The flight you are in is determined by your adjusted IESGA index. “Adjusted” means to the course/teebox we are playing, and “Index” is what we keep for you as best 3 out of 5 scores and is computed out to one decimal point (i.e. 15.7). "Gross" handicaps are always rounded, and therefore an adjusted IESGA index of 17.7 will show as gross 18 handicap.
Using an index that goes out to one decimal point helps us put a more equal number of players in each flight since at certain "break points" we have too many 18 handicappers and need to break off the flight at 17.7 (as an example).
Please do not get upset if your gross handicap is the same or more than someone in a higher flight, because we are now placing flight D players on a moved up tee box. For example: if you have a 21 gross handicap and are in Flight C and someone with a 20 gross handicap is in Flight D. This is caused by the use of indexes and the fact that the D Flight is playing from the forward tees. Example: At Lewiston CC, the slope is 129 for the green tees and 117 for the brick tees. Flight D players with higher indexes end up with a lower gross handicap for that particular moved up tee box.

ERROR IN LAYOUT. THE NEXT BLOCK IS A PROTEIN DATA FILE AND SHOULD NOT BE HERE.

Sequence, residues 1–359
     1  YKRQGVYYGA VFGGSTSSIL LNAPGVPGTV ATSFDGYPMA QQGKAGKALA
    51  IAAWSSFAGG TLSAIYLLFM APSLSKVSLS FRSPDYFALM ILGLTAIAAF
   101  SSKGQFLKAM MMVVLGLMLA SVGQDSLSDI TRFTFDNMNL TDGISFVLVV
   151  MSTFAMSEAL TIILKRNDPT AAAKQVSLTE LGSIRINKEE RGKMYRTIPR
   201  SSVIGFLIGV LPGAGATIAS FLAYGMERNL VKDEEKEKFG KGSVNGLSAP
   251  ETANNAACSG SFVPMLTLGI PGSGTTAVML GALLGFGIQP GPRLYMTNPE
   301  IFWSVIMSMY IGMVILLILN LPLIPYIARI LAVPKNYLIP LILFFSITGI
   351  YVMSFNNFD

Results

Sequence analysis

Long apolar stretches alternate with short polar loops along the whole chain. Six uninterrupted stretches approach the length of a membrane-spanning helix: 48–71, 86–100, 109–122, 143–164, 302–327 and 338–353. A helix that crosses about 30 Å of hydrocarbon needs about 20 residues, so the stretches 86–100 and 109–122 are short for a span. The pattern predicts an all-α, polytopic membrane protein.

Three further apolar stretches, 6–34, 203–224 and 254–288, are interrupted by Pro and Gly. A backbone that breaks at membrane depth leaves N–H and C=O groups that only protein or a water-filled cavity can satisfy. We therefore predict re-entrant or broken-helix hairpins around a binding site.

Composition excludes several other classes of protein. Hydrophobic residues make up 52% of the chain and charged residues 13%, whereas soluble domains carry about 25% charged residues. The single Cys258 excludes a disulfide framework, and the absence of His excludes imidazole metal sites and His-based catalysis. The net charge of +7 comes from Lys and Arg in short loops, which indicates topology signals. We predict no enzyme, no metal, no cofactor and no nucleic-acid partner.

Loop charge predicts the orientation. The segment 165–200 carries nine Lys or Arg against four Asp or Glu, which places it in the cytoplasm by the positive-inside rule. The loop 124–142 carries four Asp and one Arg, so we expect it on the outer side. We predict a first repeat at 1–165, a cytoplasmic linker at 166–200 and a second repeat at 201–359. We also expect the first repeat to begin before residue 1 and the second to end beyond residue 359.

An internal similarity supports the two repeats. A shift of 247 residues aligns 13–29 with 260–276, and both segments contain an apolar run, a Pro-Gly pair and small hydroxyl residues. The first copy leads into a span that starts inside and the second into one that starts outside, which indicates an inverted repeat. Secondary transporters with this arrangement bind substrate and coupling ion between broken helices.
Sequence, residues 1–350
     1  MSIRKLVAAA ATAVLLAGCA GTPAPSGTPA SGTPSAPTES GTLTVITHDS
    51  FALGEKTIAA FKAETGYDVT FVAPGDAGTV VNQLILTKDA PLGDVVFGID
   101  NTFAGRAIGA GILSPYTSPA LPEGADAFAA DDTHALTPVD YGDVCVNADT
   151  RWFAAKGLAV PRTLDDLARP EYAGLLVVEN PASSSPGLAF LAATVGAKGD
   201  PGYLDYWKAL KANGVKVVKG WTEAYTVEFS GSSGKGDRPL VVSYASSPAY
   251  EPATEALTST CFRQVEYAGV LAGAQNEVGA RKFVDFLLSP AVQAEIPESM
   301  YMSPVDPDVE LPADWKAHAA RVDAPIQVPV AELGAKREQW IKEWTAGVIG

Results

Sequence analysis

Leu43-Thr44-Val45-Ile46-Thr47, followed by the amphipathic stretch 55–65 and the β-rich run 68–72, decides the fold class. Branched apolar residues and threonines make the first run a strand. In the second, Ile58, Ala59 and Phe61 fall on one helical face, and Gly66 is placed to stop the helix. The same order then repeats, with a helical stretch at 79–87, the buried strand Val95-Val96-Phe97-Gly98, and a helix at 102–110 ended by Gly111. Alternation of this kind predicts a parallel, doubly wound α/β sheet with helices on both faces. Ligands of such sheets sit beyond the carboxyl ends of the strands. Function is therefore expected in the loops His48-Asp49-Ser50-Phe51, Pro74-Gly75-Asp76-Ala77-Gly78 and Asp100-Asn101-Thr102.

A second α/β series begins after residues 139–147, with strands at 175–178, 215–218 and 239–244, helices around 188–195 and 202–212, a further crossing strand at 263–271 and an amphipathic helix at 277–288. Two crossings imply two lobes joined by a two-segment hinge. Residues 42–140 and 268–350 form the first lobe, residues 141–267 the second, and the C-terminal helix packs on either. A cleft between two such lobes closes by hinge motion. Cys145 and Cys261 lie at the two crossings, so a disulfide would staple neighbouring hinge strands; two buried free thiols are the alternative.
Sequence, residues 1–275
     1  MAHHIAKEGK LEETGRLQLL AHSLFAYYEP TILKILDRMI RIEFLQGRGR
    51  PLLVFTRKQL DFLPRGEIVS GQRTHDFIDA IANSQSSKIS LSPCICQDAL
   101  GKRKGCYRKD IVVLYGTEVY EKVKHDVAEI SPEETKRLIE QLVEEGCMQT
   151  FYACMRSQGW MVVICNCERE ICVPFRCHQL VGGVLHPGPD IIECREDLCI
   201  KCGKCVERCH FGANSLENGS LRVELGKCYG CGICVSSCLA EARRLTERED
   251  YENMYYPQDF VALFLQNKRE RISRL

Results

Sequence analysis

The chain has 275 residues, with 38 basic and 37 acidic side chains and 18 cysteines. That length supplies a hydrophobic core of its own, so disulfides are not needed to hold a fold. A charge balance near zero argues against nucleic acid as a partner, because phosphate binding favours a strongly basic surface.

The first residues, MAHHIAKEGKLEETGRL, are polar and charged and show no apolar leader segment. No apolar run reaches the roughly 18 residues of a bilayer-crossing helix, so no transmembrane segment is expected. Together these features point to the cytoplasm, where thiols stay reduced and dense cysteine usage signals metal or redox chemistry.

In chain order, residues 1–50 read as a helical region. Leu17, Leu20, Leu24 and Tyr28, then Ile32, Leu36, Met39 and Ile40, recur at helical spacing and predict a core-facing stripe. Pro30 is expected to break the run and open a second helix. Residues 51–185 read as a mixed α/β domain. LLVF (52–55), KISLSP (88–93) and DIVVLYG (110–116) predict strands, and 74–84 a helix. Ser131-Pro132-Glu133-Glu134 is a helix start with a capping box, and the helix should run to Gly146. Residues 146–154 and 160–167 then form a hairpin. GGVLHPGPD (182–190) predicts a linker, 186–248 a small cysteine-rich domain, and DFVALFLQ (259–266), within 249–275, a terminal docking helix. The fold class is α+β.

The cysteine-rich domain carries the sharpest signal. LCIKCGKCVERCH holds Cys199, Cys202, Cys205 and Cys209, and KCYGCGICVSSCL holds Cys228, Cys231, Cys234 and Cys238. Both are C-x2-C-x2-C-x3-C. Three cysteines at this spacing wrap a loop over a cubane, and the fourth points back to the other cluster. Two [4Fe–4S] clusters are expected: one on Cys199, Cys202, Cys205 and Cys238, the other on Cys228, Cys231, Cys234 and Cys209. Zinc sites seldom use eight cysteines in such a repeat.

Also, if you have a GHIN handicap, when you finish the round, you are responsible for entering your ESC adjusted score to GHIN with the "Tournament" designation. We do not enter these scores for you.
We have had reportings of players not following the 2019 rule about maximum of 3 minutes searching for a lost ball. Some of you may think it is a "bad" rule or a rule that can be "ignored". This is tournament golf. We play by all the rules. Think of it this way - if player A takes 5 minutes and finds his ball in the fifth minute but player B abides by the rule of 3 minutes and doesn't find his ball, then player A has probably gained 2 strokes on the field. Not fair. Not good. Not honest.
Foursomes - it is your job to enforce your own players regarding all rules.